McLaren, and by that I mean Ron Dennis, must also be extremely pleased or at least relieved with the progress and pace the MP4-29 exhibited. They completed plenty of laps, and took fastest lap on day two in the hands of Kevin Magnussen. After last year’s drought in terms of results and a personnel change at the top of the race division, Woking needed to come out of the corner swinging and that is exactly what they have done.

I would like everyone’s opinion on something. Are we seeing the beginnings of a great battle between McLaren powered by a Mercedes engine and Mercedes powered by a Mercedes engine? I personally would love to see this drama added to the F1 stage this year.

Nothing gets under the skin of a manufacturer more than when a customer team with presumably less resources and not holding all the cards outperforms their vendor/partner. With that said, there would be no shame in McLaren out-racing Mercedes, they are a world class organization not to mention they know how to win, a lot. But McLaren becoming a car manufacturer did not sit well with the guys in Stuttgart and then the announcement of Honda power next year presented complications to Mercedes and McLaren while still partnering for this year so I doubt very much that Niki, Toto or Paddy want to see the other silver/gray cars running the same Mercedes engine in front of them on the race track.

Now for the guys in red. Ferrari is a tough one to call. They have also put in a very respectable lap count as well, 287 if I added correctly. I cannot help but notice they have not put in any real competitive laps. However, competitive laps were not the focus of the test just concluded and Ferrari has gone out of their way to state that they were not going for any real timed laps. But still one has to wonder if Ferrari is truly concentrating on their program and holding their cards close to their chest or if the F-14T is lacking some pace. At any rate what we can cipher from these past four days is that the car is reliable and currently that is something worth a lot more than a fast lap. This being the particular team I am most concerned with, I am anxiously awaiting the first qualifying session and the subsequent race results on Sunday the weekend of March 16 before I either heap a ton of praise on Maranello for the job they have done or sock-it-to-them via my key board. We shall see. ;-)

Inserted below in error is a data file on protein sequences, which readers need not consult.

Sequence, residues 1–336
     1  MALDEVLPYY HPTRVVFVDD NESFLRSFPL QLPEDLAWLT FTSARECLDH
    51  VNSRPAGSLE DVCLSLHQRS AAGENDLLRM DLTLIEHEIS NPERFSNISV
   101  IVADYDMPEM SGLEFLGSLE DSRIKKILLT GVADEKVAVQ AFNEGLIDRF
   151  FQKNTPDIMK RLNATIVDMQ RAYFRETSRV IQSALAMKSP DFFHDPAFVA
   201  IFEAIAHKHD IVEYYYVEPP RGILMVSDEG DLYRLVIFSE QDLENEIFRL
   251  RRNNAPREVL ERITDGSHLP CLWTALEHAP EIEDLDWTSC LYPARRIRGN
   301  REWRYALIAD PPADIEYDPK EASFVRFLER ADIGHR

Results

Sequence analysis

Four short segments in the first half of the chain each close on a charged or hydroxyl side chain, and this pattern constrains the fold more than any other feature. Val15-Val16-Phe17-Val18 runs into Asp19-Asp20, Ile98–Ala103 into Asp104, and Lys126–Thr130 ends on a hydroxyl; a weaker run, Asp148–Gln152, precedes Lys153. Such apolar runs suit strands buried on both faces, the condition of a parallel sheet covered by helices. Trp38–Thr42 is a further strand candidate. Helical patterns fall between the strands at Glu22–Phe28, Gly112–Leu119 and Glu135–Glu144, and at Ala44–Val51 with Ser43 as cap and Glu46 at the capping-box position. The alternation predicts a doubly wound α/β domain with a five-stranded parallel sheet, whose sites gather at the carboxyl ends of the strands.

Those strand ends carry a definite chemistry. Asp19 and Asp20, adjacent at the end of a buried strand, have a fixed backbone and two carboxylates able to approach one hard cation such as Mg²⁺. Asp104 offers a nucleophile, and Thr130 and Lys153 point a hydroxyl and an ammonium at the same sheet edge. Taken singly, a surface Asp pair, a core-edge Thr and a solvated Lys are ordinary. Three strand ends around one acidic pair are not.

On to Lotus. I’m sure Pastor Maldonado would have liked his first outing to have been a little more fruitful. Still, considering that his new teammate Roman Grosjean drove around the Bahrain circuit only 26 times in two days, Maldonado’s 74 tours must have felt like a blessing. Gerald Lopez’s comments to the press indicated that he thought missing the first test in Jerez looked like the right choice in hindsight considering all the troubles the Renault partner teams experienced, but no question that Lotus still has some things to work through.

Lotus did however use an official filming day to shake down the E-22 if only for a hundred kilometers, and I for one was expecting a little more from Lotus over these four days seeing as they went out of their way to let everyone know the shakedown was successful and went 100% according to plan. I wonder now if some of the headlines (not verifiable) had indeed some truth to them – not much running occurred and the running that did was not at speed. Whatever the case may be, Lotus need to make the most of the next test or those lovely liveried black cars will be stuck right behind a black ball. The one with an eight on it.

Sauber seems to me to always have the potential to do something more than just finish in the midfield or with the occasional podium now and then. All I can say about the Swiss team as of right now is that they had a fairly uneventful test session except for the last day in which Adrian Sutil was only able to drive a handful of laps. They appeared to log a good amount of mileage and aside from that nothing really caught my attention. Unlike the big four teams Sauber was happy to just play it low key and concentrate on their program.